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Anything. She needs to say literally anything because right now, this is the beginning. You don't have to start out running. You can warm up first, stretch, and speed up at your own pace.

Your friend's sister, 16, was silent and afraid chances are it's because she froze. That's okay. He wanted her to be afraid. That was what he was going for. To have a fight/flight/freeze fear response; that behavior is normal.

I have no idea if she has any experience with any people of any gender or size disrespecting her in and taking what was she had claimed as hers in public but based on your description I would guess it hasn't happened often. The first shock of realizing that some people really are going to treat you like that, it's pretty awful and it can freeze you up. I know for me the only cure was practice, and I was well into my 20s before I could look a someone in the eye and tell him to get back in line without tripping up and I still choke sometimes and I know a lot of people who do.

If she's freezing up rather than stuck on what to say, she should start, if she wants to find a way through, by saying anything. It doesn't matter what. The people above in this group have given great suggestions of what to say to be heard and what how to present yourself with authority but I want to address something else - what it's like if (or when) a person aren't instantly able to stand up for themselves.

As long as she opens her mouth and get a sound out, even if all that comes out is a squeak or a "hey", it's a win for the situation. It's progress. It's exposure to the stimulus and building experience in confrontation which is incredibly hard and is going to trigger that freeze response, made more difficult if standing up to someone who is trying to intimidate. Since the response is going to be to freeze most often in that particular confrontation which is why the push through to anything is so important.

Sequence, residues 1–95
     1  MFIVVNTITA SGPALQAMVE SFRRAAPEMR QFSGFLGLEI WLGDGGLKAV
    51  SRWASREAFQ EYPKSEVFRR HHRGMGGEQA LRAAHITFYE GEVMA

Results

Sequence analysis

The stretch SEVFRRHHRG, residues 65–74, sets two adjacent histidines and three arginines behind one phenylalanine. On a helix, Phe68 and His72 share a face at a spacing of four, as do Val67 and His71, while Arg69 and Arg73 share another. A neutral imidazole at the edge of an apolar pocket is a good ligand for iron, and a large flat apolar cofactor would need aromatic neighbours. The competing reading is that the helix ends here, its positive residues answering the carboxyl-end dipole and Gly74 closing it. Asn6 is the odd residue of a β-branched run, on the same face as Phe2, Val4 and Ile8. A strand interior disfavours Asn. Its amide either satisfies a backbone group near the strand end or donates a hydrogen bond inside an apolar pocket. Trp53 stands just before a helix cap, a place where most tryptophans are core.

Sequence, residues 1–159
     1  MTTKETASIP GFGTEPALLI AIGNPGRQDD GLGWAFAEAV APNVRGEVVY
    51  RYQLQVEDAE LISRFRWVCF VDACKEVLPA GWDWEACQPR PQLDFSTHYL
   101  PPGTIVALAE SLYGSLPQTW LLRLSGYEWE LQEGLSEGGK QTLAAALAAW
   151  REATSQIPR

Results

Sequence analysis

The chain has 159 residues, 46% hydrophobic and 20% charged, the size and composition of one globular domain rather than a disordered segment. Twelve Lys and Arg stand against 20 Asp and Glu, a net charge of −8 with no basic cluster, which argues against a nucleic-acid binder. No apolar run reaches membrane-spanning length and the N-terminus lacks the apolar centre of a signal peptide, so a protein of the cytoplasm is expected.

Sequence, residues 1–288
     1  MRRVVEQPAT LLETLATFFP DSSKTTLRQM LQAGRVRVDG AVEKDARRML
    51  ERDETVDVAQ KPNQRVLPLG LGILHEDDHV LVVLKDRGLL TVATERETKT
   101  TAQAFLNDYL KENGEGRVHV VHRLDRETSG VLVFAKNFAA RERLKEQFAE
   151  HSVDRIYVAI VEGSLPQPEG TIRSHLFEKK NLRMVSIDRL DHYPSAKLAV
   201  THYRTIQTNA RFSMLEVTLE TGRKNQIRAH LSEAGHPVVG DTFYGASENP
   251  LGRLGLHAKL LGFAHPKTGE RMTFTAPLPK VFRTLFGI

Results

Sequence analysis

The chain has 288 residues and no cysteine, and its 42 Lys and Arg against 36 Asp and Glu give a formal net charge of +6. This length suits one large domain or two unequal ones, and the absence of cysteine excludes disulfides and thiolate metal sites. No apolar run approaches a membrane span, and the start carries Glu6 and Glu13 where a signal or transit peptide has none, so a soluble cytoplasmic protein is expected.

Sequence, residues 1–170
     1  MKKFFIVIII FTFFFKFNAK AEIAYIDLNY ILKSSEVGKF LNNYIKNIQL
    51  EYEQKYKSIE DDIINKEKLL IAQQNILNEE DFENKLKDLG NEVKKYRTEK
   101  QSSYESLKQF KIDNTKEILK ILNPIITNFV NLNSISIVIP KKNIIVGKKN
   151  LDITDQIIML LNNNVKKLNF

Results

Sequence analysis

What people don't talk about enough is that no matter what comes out - even if it's a flawless remark that is composed, confident, and witty - she need to be prepared to be ignored, told no, be insulted or otherwise have a negative outcome. That possibility is very very real and when it happens, she should brace herself for physical reactions like dry mouth, blushing or flushing, stammering, sweating. The emotions it can cause can be really powerful too - usually they're embarrassment, shame, weakness, a sense of being small, and defeat. It's going to happen repeatedly. Probably often.

I don't say all that awful stuff discourage her. On the contrary it's because standing up to people is a skill just like everything else and well prepared is well armed and well informed is well prepared. If you know those symptoms are coming then you know you'll live. Those feelings aren't forever. They fade quickly especially when focusing on the fact that even small practice is forward progress and more than the time before. Faced, it is something that can lose it's fearfulness.

The thing I've noticed in myself and in my friends is that its not what to say that's hard. It is the confrontation itself. You know that you want to say something but since we know how it feels to fail a confrontation but most people don't practice it and inure themselves and inuring the feelings of failed confrontations - when you need to say or do something, the action won't come over the fear of the consequence. It's why that guy's tiny awesome girlfriend in the other answer is able to do what she does. People freeze when faced with confrontation because they don't have the practice, she does. The serving the first volley like Mr. Big did is easy. If you have enough practice under your belt that you can actually come back with the return, you've usually won. It is rare for it to go back to the server.